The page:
I'm talking about big shows - like the one I'm currently trying to decypher - Jesus Christ Superstar. I'm covering both trumpet 1 and trumpet 2 because its a condensed band, and I've been going through both to assess what I need to play (both parts take the lead at different times). There are such inconsistencies as parts being written in different keys, missing accidentals, pages in the wrong order (and numbered wrong), the wrong number of beats in a bar. I believe the show was written in something like 1970. I don't see a need for these parts to be as wrong as they are. There also appear to be incorrectly notated rhythms, but I'll have to check that with the director, as it could be intentional (though I doubt it).

  6. #6
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    Re: Articulations above or below staff in big band writing?

    Quote Originally Posted by Chet Heflin

    BTW - I own current versions of both Sibelius and Finale. Too bad Finale does not have a slick place to showcase compositions like Sibelius.

    It does, the Finale Showcase.
    http://www.finalemusic.com/showcase/fs_home.asp

    Jeff

  7. #7

    Re: Articulations above or below staff in big band writing?

    I know about Finale Showcase. I was told by a rep that Finale was going to reintroduce an improved viewer/player - like Scorch and jazz up the site. That was many months ago.

    Finale Showcase is not fun. SibeliusMusic is. I use Sibelius more because of this site. Sibelius just got bought by Digidesign, makers of pro-tools, and will only get better. Sibelius still has some problems, like slurs, slurs, and slurs.

  8. #8

    Re: Articulations above or below staff in big band writing?

    Quote Originally Posted by dabbler
    I'm talking about big shows - like the one I'm currently trying to decypher - Jesus Christ Superstar.
    My mistake - yes, I agree. I've seen many poorly copied books in my career. My guess is that they hire "who they know" instead of "who they know of" and that doesn't always lead to the best results. Also, once money has been spent putting the books together the production companies don't want to spend another nickel fixing them unless they absolutely have to. That leaves us, the musicians, to decipher what there is the best we can, and the books live on in infamy. That's why so many are so marked up over the years.

    I recently played "Chicago", and the conductor said they had just gotten all new books - as in, the just had new copies printed from the old masters. Then in rehearsal, he couldn't figure out why we weren't playing what he was used to. It was because in the process of throwing out the old books, they threw out all the corrections and notations hundreds of musicians had written in to make the stuff playable! Rather than take the time and expense to incorporate all those notations, it was cheaper and easier just to reprint from the masters, so the whole !@#$# process has to start all over again!

    I'm not surprised Superstar is screwed up. It was probably originally copied by one of Lloyd Webber's fellow students for beer money or something. As I recall, (I last played it about 7-8 years ago), a bunch of it is in odd meters (5 and 7) so I'm sure that threw off the copyist who was used to good old 4/4. Good luck getting the parts sorted. I think if management had to suffer through a comparable ordeal changes would be made immediately no matter the cost. Alas, we're only the pit musicians - way down on the food chain.

    I didn't mean to ramble on, but yes, I feel your pain.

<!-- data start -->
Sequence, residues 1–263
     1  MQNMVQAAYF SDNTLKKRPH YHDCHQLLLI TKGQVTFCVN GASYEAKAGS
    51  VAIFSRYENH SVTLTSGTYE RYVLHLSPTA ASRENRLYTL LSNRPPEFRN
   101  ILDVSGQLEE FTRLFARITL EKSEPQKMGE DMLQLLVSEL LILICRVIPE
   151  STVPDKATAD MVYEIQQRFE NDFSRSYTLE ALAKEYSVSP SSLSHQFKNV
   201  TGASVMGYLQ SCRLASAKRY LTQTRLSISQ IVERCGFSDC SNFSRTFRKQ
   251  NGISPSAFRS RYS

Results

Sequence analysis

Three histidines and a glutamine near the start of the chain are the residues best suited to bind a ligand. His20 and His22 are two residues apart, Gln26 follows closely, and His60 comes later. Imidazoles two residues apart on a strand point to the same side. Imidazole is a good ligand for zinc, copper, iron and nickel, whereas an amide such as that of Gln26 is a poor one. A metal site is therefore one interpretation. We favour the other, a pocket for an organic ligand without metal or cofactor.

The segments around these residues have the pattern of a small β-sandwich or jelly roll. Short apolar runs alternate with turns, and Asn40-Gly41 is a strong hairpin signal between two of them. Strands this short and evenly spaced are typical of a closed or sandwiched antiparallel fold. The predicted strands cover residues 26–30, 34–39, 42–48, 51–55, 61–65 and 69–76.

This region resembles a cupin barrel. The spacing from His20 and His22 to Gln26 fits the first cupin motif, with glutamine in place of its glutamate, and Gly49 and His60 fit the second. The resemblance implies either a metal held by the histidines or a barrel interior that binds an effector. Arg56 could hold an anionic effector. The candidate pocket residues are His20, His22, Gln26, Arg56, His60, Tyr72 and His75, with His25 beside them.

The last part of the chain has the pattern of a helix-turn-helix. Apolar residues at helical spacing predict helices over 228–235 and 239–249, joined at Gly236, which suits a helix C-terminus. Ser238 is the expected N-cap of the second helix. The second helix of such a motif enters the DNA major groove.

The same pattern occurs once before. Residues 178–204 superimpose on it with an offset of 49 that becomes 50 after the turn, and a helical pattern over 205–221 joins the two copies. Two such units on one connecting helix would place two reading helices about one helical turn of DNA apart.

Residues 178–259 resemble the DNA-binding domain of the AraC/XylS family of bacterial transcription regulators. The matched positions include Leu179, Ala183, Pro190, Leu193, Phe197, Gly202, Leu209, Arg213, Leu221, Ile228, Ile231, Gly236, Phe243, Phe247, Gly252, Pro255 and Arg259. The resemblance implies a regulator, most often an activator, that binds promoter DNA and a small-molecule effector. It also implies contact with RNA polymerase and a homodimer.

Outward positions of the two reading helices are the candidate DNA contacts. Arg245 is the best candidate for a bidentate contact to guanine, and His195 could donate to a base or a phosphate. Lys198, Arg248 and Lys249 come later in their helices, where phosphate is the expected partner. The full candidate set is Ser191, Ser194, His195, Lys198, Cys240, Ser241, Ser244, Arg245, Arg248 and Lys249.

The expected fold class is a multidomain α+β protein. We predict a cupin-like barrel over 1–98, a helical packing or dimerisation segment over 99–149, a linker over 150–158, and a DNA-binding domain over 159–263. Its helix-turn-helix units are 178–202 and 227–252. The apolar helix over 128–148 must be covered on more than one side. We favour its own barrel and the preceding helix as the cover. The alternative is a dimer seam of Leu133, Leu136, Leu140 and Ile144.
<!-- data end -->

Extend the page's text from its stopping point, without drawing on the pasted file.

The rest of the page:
Paul Baker
    Baker's Jazz And More
    Austin, Texas, USA
    www.bakersjazzandmore.com

  9. #9

    Re: Articulations above or below staff in big band writing?

    Quote Originally Posted by Chet Heflin
    I must have missed or fell asleep during the one possible lecture Paris Rutherford gave on correct score and part writing. I'm checking out published scores and finding different practices concerning the placement of articulations. Kendor Music places everthing above the staff.
    I don't recall Paris ever giving a lecture like that. I'm told that, since notation software is mandatory now, he actually gives out template files and is fairly picky about proper notation practices. It's about time! ;-)

    Quote Originally Posted by Chet Heflin
    A former N.T.S.U. grad, Mark Taylor, mixes things up. At least I believe Mark Taylor attended N.T.S.U. It has been so long ago.
    Yes Mark is an NTSU grad from the 70's.

    As for proper notation in the jazz genre, I usually put the articulation next to the notehead, whether that's above or below. My philosophy is to do whatever makes the parts the most easily read the very first time through.

    I also break a bunch of theory rules, too, using enharmonic spellings and stuff like that, because I think a player is more likely to correctly read a lick in E major rather than Fb even if the pice is in a flat key. I was playing in the pit orchestra for "Thoroughly Modern Millie" not too long ago, and my part was quite prominent in a particular number. It was also written, according to the rules of correct music theory, in the key of D# minor, double sharps and all. It could have been easily written in Eb minor and I would have a few less gray hairs now, but D# minor it was.

    I also remember a big band chart I used to play frequently where there was one bar I always seemed to crash on until I stopped and analyzed it. It was a relatively simple lick, but it was written in A# minor. Bb minor would have been so much simpler and more readable.

    I guess the moral to these long-winded stories is to place yourself in the players chair and pretend that you're reading the part for the very first time. WHat changes would you make? I've never ever seen an audience member come up to critique a score or part, but I'm pretty sure they know when they've heard a good performance or not. As long as it accomplishes the latter, I'm not terribly picky about formalities.
    Paul Baker
    Baker's Jazz And More
    Austin, Texas, USA
    www.bakersjazzandmore.com